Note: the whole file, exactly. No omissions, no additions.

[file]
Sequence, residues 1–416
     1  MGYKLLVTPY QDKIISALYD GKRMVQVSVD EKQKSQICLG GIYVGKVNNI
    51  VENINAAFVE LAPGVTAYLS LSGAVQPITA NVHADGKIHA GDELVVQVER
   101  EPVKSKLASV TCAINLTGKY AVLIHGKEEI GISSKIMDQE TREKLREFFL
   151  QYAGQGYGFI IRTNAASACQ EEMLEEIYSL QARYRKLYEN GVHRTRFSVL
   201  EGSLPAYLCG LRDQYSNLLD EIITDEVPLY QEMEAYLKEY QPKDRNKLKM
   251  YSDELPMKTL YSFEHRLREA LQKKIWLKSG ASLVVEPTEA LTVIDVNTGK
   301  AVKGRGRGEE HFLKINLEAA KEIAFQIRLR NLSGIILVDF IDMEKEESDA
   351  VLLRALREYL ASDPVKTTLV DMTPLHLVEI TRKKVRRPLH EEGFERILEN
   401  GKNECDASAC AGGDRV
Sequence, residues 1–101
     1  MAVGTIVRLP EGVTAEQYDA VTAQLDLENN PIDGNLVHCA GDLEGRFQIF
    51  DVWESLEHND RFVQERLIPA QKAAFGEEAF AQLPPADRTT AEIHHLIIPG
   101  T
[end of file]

Sequence, residues 1–416
     1  MGYKLLVTPY QDKIISALYD GKRMVQVSVD EKQKSQICLG GIYVGKVNNI
    51  VENINAAFVE LAPGVTAYLS LSGAVQPITA NVHADGKIHA GDELVVQVER
   101  EPVKSKLASV TCAINLTGKY AVLIHGKEEI GISSKIMDQE TREKLREFFL
   151  QYAGQGYGFI IRTNAASACQ EEMLEEIYSL QARYRKLYEN GVHRTRFSVL
   201  EGSLPAYLCG LRDQYSNLLD EIITDEVPLY QEMEAYLKEY QPKDRNKLKM
   251  YSDELPMKTL YSFEHRLREA LQKKIWLKSG ASLVVEPTEA LTVIDVNTGK
   301  AVKGRGRGEE HFLKINLEAA KEIAFQIRLR NLSGIILVDF IDMEKEESDA
   351  VLLRALREYL ASDPVKTTLV DMTPLHLVEI TRKKVRRPLH EEGFERILEN
   401  GKNECDASAC AGGDRV
Sequence, residues 1–101
     1  MAVGTIVRLP EGVTAEQYDA VTAQLDLENN PIDGNLVHCA GDLEGRFQIF
    51  DVWESLEHND RFVQERLIPA QKAAFGEEAF AQLPPADRTT AEIHHLIIPG
   101  T